AC: Are there any other things that people noticed about the episode? Did you like the ending on just focusing on those two characters, or did you want to see more characters in the finale?

DL: I’m glad it was just those two characters, because they could’ve done like, a really really dumb thing in the end where they like, shot like, 15 years in the future, and it’s like, Adam’s now the CEO of a company, and like, Lena’s like, a successful professor, and I don’t know, it’s just like–

SB: That’s a funny thing! Like, what does happen to them all? Like where does Adam end up? I’m glad we didn’t find out, I’d like him to be immortalized as this weird 26 year old guy.

AC: I guess after episode nine happened, it sort of felt like a finale. I guess I fell into the trap of [thinking], ‘Episode 9 was so good, like, they wrapped everybody, wonder what’s gonna happen next, like, they’ll just wrap everybody again, even more, and have it be like, even grander of a finale,’ and then it was the exact opposite, and I was just very frustrated. Like, I was angry when I watched it. It was very unsatisfying.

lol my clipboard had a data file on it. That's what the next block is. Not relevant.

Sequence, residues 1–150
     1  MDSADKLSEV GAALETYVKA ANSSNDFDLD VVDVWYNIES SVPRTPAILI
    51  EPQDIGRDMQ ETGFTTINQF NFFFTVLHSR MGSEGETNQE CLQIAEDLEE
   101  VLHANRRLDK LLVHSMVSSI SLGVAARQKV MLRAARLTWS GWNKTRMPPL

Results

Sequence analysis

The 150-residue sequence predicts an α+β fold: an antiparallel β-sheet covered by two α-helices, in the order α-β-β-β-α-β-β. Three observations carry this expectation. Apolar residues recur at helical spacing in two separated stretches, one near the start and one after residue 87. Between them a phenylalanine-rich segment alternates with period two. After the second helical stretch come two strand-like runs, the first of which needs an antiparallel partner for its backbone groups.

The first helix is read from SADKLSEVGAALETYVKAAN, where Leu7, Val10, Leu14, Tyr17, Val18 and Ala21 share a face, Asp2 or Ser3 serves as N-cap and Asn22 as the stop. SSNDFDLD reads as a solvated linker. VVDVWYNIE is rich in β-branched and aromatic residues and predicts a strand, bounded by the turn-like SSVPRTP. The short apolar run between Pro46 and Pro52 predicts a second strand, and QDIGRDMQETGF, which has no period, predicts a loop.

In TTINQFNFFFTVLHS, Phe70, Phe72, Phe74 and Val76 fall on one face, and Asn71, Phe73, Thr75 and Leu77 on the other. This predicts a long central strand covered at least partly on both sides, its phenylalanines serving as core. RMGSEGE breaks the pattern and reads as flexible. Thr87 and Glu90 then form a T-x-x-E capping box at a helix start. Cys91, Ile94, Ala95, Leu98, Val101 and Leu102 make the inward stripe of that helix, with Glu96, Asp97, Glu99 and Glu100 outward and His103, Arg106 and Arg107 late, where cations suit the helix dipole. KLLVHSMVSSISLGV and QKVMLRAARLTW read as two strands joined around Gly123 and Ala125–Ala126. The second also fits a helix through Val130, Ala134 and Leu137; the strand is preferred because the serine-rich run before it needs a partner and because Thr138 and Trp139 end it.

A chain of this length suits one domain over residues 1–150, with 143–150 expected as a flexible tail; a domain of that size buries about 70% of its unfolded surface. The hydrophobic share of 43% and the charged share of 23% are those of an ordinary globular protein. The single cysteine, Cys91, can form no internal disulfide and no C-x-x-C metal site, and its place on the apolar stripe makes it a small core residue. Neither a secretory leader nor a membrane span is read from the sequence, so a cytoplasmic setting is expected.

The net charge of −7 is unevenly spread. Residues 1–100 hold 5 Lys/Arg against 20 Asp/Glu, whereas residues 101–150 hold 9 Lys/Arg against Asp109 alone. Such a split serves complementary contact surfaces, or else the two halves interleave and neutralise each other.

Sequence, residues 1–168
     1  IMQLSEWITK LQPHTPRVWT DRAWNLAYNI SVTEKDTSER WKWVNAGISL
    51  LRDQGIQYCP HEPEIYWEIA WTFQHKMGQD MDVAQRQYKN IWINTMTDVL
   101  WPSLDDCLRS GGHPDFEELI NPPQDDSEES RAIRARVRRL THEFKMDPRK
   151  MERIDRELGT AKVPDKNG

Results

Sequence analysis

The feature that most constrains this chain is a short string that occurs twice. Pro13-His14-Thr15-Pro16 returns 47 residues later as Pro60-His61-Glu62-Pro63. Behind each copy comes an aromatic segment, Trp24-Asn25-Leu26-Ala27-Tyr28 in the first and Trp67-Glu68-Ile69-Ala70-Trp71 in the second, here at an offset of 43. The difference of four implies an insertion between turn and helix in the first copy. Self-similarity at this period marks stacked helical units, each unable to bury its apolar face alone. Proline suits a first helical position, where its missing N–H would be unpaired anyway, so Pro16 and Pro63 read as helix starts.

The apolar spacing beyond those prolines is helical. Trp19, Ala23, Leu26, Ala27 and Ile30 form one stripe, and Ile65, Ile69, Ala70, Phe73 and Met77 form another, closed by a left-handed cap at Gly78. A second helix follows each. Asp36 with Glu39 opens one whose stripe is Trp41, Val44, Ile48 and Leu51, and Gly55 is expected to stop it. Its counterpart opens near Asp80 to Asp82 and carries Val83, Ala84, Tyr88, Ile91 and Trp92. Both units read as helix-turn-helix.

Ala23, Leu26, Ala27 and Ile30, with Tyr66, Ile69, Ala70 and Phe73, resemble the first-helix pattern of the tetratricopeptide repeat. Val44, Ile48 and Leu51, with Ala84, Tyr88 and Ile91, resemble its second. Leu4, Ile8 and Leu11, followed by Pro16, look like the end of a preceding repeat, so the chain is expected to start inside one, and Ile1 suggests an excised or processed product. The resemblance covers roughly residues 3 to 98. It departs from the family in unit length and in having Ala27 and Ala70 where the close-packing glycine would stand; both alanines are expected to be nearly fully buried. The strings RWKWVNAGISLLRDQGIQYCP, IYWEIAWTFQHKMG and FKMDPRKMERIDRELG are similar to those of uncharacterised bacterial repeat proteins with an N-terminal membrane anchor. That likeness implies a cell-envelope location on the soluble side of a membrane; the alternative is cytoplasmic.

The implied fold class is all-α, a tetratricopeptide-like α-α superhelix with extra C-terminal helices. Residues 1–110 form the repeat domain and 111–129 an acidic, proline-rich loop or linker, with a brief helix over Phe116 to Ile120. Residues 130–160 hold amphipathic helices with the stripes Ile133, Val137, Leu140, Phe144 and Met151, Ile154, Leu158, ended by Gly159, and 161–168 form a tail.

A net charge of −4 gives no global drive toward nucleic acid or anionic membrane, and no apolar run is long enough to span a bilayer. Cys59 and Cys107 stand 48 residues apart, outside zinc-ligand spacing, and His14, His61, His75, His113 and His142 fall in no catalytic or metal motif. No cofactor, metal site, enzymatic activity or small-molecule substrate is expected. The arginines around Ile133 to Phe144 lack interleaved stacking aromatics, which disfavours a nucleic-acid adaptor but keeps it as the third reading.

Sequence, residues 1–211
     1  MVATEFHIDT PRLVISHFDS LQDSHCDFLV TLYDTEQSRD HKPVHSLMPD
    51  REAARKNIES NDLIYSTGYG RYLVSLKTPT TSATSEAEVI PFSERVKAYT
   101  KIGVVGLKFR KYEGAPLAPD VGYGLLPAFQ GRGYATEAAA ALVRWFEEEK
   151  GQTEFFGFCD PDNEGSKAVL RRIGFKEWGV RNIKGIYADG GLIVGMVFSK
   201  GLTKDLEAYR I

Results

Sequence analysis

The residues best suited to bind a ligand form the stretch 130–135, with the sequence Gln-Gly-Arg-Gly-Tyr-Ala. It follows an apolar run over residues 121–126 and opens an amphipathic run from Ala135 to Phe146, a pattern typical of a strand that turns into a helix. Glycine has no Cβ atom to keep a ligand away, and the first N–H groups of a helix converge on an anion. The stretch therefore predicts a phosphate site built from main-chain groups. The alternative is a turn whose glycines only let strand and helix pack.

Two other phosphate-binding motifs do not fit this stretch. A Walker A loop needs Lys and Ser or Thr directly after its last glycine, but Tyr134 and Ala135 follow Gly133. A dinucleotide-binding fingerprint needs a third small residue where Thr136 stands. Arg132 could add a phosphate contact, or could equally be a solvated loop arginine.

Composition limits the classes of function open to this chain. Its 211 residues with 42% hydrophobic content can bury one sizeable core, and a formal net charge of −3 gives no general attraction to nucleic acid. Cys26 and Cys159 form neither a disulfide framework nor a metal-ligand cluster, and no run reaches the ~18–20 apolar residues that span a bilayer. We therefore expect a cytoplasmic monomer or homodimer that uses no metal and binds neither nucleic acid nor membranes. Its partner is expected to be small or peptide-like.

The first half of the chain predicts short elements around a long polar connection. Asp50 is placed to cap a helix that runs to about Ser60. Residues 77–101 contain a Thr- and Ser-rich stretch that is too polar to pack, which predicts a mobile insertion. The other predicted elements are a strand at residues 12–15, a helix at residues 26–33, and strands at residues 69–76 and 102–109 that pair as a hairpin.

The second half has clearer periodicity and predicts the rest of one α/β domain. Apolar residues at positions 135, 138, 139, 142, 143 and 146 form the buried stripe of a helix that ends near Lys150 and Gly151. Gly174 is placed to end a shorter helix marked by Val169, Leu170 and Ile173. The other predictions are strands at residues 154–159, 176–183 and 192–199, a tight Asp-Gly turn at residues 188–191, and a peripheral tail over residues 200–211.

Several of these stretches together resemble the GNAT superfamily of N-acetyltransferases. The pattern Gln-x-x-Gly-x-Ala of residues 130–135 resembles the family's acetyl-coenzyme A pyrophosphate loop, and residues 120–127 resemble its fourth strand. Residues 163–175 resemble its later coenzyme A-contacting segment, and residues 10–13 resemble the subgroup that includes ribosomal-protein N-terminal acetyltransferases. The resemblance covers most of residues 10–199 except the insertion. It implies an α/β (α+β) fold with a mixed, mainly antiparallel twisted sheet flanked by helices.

SB: I feel like she’s unsatisfied with her life and motherhood and that’s the point right? And her life is now boring and she doesn’t get to be crazy and eccentric and in New York City.

AC: Because it was sort of a beautiful moment when they’re playing that Banks song and she’s  driving and moving into her house and everything is beautiful and nice and you’re like, ‘Aw oh my god, that could be so great,’ but like no, her life is really bad.

To listen to the full Girls roundtable discussion, click here.